The Superior Courts of Law
‘Official’ Law Reporting in Ireland 1866–2006

Eamonn G. Hall

978 0 946738 08 3
Hardback (1 volume)
€75 (Order)

In a common law system such as ours, a coherent and impartial system of law reporting is essential if the law is to be known, properly commented upon and developed in an orderly and coherent fashion … [T]he general commentary and analysis of law reporting … could be read with profit by every lawyer.

This is a remarkable book in two quite separate ways. First, it is a plangent assertion of the centrality of the role of law reporting in our common law jurisdiction, and of the techniques, difficulties and triumphs of the reporting process.

Quite separately, it is a major contribution to Irish legal history, an insight into the view and personalities of some of its leading characters and an assertion of the continuity of the common law through epochal political changes. It is a noble work.

The Hon. Mr Justice Adrian Hardiman
Judge of the Supreme Court, From the foreword

Eamonn G Hall, author of the Superior Courts of Law

Eamonn G. Hall

The judiciary of the superior courts of Ireland have been described as the ‘high priests of the law’. Knowledge of the law in pre-Christian times was, in part, reserved to the priests. In a metaphorical sense, the Irish judiciary of today have inherited the mantle of those earlier priests.

Dr Hall’s book is, in part, a celebration of case law (the law decided by the judges of the superior courts of Ireland), a history of an institution, the Irish Reports (Ireland’s oldest series of extant law reports) and the Law Reporting Council of Ireland founded in 1866. The Law Reporting Council held a monopoly in relation to the decisions of the superior courts for more than a century; this was so in a litigious country ‘the first adventure of the common law’. The monopoly of the Council was of some significance as the Council decided which judgments should be published in the ‘official’ series of law reports, ‘a ticket to immortality’ for some judges. These reported judgments were likely to become settled law; case law that was never reported had the serious potential of being consigned to oblivion.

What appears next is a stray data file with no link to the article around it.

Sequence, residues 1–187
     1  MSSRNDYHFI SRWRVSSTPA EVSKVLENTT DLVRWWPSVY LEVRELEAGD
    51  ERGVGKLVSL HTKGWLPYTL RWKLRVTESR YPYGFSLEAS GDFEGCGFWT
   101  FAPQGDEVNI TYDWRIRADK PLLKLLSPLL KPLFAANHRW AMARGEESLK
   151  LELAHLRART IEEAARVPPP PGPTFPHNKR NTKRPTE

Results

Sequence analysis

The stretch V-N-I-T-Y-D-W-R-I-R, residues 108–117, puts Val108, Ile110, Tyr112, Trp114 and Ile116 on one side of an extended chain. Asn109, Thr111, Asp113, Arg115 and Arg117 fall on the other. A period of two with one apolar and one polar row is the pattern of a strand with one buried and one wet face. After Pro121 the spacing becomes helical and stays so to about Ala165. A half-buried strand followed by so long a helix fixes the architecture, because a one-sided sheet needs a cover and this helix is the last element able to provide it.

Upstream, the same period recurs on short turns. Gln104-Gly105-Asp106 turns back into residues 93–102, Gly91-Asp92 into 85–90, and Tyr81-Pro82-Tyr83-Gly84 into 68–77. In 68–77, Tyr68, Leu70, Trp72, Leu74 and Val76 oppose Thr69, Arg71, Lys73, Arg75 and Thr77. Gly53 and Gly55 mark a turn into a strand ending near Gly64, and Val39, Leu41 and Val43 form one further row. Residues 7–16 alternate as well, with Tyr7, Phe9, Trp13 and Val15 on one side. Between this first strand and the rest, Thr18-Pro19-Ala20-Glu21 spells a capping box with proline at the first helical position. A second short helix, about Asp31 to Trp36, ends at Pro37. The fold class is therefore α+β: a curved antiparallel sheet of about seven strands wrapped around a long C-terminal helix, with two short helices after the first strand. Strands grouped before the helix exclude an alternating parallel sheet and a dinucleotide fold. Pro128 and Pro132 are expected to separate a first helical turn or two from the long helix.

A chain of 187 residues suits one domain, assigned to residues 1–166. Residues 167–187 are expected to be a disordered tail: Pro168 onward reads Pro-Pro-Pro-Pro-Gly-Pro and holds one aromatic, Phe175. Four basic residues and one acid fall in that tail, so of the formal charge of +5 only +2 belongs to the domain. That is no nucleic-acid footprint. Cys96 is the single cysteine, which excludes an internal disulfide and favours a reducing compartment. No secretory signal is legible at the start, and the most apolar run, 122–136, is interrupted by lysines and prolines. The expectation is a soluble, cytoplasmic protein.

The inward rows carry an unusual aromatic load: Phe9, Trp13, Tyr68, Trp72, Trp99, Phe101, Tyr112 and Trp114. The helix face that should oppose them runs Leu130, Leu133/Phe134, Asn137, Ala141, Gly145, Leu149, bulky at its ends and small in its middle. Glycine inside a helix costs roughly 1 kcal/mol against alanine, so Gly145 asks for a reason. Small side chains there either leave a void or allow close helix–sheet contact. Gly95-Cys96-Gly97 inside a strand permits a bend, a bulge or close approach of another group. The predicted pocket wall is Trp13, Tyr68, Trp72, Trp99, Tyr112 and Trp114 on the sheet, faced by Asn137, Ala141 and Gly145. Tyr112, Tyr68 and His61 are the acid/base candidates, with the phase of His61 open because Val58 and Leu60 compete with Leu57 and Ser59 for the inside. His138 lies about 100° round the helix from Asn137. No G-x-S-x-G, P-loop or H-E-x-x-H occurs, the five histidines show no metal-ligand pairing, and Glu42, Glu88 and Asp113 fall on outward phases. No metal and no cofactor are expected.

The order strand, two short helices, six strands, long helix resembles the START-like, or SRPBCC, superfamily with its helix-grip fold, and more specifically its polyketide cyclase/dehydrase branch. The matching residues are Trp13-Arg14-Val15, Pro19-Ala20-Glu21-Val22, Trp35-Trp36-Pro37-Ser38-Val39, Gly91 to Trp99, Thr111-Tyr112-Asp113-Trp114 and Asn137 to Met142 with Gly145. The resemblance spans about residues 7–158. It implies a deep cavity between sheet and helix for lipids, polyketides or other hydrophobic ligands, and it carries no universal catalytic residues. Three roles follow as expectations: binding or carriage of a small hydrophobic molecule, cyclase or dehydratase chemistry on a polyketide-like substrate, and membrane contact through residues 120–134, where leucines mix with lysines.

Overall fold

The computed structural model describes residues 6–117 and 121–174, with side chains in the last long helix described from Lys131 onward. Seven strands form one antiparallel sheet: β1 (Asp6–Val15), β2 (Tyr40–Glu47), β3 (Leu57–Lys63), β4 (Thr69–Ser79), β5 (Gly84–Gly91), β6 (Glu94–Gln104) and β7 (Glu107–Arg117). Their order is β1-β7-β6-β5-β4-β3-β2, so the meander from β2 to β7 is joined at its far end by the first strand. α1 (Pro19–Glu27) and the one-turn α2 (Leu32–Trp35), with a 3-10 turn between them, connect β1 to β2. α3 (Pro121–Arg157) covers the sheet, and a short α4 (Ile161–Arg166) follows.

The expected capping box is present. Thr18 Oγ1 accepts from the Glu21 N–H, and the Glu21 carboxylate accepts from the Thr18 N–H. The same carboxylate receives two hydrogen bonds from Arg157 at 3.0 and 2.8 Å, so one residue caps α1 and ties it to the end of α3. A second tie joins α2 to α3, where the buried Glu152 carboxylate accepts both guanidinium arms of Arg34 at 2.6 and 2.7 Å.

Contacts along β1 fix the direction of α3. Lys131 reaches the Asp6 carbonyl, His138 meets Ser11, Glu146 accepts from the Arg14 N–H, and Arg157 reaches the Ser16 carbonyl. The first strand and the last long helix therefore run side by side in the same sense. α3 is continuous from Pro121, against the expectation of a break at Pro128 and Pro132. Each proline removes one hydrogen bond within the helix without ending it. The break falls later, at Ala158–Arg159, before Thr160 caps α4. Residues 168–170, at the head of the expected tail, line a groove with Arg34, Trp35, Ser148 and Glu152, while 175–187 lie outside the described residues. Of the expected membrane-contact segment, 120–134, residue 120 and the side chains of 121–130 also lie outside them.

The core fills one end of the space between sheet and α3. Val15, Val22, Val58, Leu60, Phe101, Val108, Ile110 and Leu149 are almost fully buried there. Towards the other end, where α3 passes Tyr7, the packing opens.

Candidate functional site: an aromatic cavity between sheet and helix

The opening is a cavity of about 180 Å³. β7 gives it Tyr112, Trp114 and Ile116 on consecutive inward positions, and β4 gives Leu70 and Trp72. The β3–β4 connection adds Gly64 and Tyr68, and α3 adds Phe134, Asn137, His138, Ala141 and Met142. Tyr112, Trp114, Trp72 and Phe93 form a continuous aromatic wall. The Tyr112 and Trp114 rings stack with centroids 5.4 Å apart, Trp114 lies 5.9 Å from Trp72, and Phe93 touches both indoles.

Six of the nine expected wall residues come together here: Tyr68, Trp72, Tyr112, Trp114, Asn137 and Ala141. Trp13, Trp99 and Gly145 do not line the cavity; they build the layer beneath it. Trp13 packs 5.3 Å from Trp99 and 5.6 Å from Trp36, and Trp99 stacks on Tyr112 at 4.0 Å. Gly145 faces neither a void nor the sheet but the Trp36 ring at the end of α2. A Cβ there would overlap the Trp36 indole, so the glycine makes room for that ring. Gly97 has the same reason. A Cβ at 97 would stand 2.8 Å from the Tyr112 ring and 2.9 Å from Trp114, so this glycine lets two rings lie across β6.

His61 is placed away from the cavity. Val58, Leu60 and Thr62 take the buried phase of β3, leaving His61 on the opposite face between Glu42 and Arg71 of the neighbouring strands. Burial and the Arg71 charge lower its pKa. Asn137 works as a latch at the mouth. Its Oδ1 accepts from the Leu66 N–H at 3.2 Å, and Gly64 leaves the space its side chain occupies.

The book also describes occasional tensions between the judges and the reporters. In one celebrated saga, a senior member of the judiciary developed a public degree of paranoia about the role of the Law Reporting Council of Ireland and its reported case law. This saga excited interest throughout the common law world.

The Irish Reports are conterminous with Irish life; the Irish Reports reflect the legal questions, and often political and social issues, great and small, that have preoccupied Irish society since the mid 1800s. Life, human life and corporate life, spring to the fore in the pages of the Irish Reports.

The book also contains a general commentary and analysis. The issue is posed whether the fecundity of Ireland’s case law, once a steadying influence, will have the effect that the citation of precedent (in its purest sense) will lose its cardinal primacy, and the judge will rely in future less on precedent and more on fundamental principles of his or her own choosing.

A feature of this book is a succession list of every judge of the superior courts, every member of the Law Reporting Council, including the Attornies General and Solicitors General (with biographical notes), and every editor and reporter of the Irish Reports since the Council’s foundation in 1866. Finally, the book contains portraits of judges, barristers and solicitors associated with the Council.